Veronica Forrest-Thompson and language poetry
This study explores the important of, and the relationship between, the work of the innovative poet and literary theorist Veronica Forrest-Thomson (1947-75), and that of the contemporary North American Language poets.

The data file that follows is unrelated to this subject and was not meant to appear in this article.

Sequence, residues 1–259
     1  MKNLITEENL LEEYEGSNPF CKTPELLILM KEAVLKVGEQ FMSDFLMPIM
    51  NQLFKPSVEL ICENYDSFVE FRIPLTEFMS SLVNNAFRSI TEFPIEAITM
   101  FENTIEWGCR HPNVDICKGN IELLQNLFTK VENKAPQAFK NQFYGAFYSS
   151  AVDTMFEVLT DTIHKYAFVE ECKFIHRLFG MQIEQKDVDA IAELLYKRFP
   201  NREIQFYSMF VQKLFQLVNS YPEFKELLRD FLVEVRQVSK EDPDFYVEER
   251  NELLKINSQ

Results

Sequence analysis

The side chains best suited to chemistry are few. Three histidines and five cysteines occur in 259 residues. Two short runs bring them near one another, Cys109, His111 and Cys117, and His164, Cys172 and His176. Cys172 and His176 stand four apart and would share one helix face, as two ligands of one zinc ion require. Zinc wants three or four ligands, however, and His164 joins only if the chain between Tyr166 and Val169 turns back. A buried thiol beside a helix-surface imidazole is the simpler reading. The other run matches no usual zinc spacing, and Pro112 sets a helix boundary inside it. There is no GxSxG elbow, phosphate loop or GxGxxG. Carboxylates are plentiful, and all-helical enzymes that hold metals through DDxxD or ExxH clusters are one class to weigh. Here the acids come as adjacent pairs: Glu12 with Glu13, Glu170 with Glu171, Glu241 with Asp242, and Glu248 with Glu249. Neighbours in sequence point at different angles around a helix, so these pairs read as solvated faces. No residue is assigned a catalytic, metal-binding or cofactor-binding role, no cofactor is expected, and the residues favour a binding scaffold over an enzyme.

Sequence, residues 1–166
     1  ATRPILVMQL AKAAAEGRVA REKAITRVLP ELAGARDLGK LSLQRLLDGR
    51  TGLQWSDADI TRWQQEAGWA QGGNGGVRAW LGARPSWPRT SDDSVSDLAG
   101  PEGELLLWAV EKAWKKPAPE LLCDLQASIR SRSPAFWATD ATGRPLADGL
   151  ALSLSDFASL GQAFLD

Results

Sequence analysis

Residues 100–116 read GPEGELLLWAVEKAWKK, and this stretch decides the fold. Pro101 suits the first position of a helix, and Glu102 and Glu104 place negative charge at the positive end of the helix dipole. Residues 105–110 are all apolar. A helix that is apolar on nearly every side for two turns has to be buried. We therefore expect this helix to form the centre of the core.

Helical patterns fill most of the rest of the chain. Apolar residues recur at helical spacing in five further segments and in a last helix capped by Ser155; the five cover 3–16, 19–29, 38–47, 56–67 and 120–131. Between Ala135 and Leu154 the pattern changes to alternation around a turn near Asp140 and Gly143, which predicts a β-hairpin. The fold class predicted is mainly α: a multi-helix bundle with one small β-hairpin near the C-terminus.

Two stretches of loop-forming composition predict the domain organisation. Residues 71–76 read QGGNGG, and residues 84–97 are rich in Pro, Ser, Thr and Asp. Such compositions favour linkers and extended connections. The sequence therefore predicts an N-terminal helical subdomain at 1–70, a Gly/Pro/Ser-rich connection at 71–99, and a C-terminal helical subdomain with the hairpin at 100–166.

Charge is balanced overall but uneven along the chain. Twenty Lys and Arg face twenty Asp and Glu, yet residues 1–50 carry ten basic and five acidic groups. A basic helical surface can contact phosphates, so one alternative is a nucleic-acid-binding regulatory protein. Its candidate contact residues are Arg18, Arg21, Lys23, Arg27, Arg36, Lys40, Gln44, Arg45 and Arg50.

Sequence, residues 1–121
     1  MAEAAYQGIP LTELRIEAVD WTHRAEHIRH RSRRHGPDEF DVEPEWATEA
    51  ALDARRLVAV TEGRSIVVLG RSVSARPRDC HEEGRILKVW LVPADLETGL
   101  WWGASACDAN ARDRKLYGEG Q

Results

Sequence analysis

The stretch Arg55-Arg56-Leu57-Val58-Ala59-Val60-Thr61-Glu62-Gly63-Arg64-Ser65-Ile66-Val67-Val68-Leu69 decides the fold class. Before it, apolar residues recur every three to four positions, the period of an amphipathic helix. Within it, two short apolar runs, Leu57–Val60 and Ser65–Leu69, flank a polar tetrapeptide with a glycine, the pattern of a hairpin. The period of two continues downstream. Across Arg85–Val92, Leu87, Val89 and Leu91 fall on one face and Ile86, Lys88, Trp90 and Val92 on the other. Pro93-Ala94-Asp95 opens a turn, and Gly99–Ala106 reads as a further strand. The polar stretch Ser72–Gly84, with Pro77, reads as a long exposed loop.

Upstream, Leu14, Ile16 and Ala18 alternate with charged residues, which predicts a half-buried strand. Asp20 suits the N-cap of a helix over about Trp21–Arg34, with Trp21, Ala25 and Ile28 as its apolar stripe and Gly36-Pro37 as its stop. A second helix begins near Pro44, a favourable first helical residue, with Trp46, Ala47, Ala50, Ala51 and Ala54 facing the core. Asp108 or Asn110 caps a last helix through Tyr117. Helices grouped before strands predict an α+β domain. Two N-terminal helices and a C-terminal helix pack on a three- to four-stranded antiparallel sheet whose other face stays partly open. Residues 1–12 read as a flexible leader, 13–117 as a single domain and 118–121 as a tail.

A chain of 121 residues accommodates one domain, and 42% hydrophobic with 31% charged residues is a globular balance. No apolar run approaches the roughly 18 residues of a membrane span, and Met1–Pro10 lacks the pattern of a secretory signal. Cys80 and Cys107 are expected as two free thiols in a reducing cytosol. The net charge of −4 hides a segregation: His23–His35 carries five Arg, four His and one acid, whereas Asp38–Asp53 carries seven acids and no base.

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analysis Arnaut articulation aspect Barnett Barrett Watten Barthes's Bob Perelman calls Canzon Charles Bernstein Collected Poems complex concept construction contemporary context conventional Cordelia criticism desire discourse discussion duck-rabbit Ducks & Rabbits Edwin Morgan Eliot emotional essay experience Forrest-Thomson's poem Freud gender Hejinian Hutcheon Hyphen Identi-kit identification identity innovative intertextuality irony Jonathan Culler Kristeva Language Poetry Language writing language-game lines linguistic literary London Lyn Hejinian meaning metaphor mirror Mirror Stage myth non-meaningful object pain parody particular Pastoral Perelman Periphery Perloff poet Poetic Artifice poetic language poetry and poetics possible postmodern poststructuralist Pound published question quotation Raitt reader reading reference relationship Roland Barthes Ron Silliman Sagittarius Sappho Sarrasine sense significant Silliman Sonnet split stanza structure suggests T. S. Eliot technique textual thematic synthesis theme theory Thomson Tlaloc tradition trans unconscious University Press Veronica Forrest Veronica Forrest-Thomson William Empson wine Wittgenstein words Zettel